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Overview - Greek Mythology
Greek Mythology
Myths and Legends of the World , 2000
The mythology of the ancient Greeks included a dazzling array of deities, demigods, monsters, and heroes.
These figures inhabited a realm that stretched beyond the Greek landscape to the palaces of the gods on
snow-capped Mount Olympus, as well as to the dismal underworld. In time, Greek mythology became part of
European culture, and many of its stories became known throughout the world.
Despite their awesome powers, the Greek gods and goddesses were much like people. Their actions stemmed
from recognizable passions, such as pride, jealousy, love, and the thirst for revenge. The deities often left Mount
Olympus to become involved in the affairs of mortals, interacting with men and women as patrons, enemies,
and sometimes lovers. They were not above using tricks and disguises to influence events, and their schemes
and plots often entangled people.
Heroes and ordinary humans in Greek myths frequently discovered that things were not what they appeared to
be. The underlying moral principle, though, was that the gods rewarded honorable behavior and obedience, and
people who dishonored themselves or defied the gods usually paid a high price.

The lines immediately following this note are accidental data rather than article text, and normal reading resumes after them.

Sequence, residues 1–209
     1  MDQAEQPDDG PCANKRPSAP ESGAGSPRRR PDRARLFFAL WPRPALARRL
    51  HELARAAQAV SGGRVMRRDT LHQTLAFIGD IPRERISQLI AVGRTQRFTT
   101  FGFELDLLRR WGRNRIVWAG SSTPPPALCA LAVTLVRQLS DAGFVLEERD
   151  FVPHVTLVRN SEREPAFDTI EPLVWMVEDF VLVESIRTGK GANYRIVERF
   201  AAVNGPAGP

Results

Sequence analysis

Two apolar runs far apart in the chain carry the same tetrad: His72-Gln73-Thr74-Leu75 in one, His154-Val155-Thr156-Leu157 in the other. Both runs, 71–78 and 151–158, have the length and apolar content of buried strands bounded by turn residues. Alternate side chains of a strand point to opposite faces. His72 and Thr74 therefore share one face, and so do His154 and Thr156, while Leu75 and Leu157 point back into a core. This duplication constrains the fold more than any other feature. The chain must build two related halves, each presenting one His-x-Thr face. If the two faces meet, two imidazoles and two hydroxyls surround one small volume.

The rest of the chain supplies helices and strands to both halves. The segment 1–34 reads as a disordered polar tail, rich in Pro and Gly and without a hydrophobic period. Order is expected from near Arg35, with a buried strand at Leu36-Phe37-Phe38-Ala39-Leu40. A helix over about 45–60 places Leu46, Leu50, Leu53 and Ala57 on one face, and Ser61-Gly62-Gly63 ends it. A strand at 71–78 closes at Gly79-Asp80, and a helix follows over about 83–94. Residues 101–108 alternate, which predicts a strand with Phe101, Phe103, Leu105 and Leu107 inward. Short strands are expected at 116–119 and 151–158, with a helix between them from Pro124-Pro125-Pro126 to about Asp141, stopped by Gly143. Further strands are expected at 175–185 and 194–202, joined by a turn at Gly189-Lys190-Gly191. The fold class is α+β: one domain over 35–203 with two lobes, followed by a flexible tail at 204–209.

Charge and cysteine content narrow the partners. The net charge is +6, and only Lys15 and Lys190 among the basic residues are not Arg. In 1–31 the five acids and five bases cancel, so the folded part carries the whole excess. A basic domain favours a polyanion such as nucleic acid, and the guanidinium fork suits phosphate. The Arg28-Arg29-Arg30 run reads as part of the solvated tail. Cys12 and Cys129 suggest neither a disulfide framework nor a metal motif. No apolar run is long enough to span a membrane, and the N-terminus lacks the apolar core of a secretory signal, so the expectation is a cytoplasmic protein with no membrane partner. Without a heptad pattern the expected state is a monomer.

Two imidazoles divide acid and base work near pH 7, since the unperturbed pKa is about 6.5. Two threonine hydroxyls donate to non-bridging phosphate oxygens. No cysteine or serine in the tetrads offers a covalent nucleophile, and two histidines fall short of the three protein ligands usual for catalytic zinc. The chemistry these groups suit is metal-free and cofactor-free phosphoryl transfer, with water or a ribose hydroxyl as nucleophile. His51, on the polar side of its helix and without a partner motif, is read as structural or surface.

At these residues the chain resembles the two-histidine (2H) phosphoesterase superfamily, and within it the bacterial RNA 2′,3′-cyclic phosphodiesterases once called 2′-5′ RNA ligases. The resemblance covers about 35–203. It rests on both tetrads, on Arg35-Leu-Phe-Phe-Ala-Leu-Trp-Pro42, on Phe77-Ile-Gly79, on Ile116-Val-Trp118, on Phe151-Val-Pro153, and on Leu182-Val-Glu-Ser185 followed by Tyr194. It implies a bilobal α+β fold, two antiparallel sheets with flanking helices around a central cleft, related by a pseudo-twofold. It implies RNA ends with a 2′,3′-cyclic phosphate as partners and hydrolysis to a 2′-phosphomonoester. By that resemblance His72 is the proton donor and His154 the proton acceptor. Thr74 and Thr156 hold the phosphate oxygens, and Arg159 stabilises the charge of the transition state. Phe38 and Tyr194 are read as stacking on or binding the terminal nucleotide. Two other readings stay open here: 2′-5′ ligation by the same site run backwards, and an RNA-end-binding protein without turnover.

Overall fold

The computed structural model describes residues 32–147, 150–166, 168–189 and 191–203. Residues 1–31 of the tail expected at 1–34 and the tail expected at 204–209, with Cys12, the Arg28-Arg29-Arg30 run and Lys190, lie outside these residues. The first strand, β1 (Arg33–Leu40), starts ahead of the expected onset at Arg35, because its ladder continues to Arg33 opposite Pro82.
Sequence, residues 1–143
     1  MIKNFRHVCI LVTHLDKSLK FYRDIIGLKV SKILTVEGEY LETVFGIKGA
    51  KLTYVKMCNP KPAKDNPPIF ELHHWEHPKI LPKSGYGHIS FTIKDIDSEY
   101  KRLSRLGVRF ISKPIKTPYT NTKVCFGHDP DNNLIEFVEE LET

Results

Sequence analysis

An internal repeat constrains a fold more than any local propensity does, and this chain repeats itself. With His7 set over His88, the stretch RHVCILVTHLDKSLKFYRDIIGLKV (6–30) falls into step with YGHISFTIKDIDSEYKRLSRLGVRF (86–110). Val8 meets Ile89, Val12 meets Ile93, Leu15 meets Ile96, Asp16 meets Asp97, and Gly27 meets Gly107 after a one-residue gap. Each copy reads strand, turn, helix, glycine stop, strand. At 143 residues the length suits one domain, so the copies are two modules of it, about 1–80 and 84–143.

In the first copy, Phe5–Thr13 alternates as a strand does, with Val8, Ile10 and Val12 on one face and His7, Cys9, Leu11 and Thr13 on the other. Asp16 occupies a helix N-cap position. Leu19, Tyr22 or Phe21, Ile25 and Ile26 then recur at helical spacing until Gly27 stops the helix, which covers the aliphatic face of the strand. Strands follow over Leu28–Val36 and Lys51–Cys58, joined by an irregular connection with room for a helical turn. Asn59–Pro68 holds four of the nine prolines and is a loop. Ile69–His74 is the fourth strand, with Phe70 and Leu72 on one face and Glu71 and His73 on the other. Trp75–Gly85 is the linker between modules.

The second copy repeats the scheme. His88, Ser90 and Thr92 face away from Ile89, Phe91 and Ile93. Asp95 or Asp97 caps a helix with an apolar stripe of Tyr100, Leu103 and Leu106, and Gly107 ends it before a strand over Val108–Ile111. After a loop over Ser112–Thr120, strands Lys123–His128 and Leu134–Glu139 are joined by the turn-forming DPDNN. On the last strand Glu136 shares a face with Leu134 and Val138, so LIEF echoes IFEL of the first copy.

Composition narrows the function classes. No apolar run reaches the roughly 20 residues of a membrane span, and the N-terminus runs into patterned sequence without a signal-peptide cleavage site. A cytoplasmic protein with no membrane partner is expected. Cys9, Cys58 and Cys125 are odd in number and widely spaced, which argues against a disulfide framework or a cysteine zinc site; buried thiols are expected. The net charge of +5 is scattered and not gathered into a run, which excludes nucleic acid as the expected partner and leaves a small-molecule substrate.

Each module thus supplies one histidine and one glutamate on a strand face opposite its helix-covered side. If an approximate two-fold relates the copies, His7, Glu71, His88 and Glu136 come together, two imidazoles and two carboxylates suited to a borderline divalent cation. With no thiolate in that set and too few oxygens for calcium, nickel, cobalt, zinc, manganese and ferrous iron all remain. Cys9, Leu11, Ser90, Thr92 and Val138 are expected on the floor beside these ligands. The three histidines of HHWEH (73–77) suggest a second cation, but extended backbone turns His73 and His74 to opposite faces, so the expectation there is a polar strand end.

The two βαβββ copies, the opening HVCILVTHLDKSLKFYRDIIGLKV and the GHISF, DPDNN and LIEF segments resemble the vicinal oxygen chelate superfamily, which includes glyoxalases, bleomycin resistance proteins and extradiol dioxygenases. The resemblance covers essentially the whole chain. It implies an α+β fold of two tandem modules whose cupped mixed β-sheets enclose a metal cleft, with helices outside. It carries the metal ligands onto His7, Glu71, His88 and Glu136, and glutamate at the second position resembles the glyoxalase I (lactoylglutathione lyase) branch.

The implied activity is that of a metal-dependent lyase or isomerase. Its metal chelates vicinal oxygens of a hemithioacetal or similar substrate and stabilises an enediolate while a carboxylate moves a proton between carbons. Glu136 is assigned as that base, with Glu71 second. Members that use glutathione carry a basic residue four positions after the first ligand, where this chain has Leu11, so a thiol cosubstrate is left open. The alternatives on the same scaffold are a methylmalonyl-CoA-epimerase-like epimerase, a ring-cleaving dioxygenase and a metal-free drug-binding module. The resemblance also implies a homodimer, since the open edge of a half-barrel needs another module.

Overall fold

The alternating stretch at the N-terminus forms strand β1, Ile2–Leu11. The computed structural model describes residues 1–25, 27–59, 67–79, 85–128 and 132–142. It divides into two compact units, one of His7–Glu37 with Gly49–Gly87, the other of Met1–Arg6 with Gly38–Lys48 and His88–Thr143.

Roots and Sources
Geography helped shape Greek mythology. Greece is a peninsula surrounded by sea and islands. Rugged
mountains and the jagged coastline break the land into many small, separate areas. Ancient Greece never
became a unified empire. Instead, it consisted of small kingdoms that after about 800 b.c. became city-states.
Because travel was easier by sea than by land, the Greeks became a nation of seafarers, and they traded and
established colonies all over the Mediterranean and the Near East.
Greek mythology is a patchwork of stories, some conflicting with one another. Many have been passed down
from ancient times in more than one version. The roots of this mythology reach back to two civilizations that
flourished before 1100 b.c.: the Mycenaean, on the Greek mainland, and the Minoan, on the nearby island of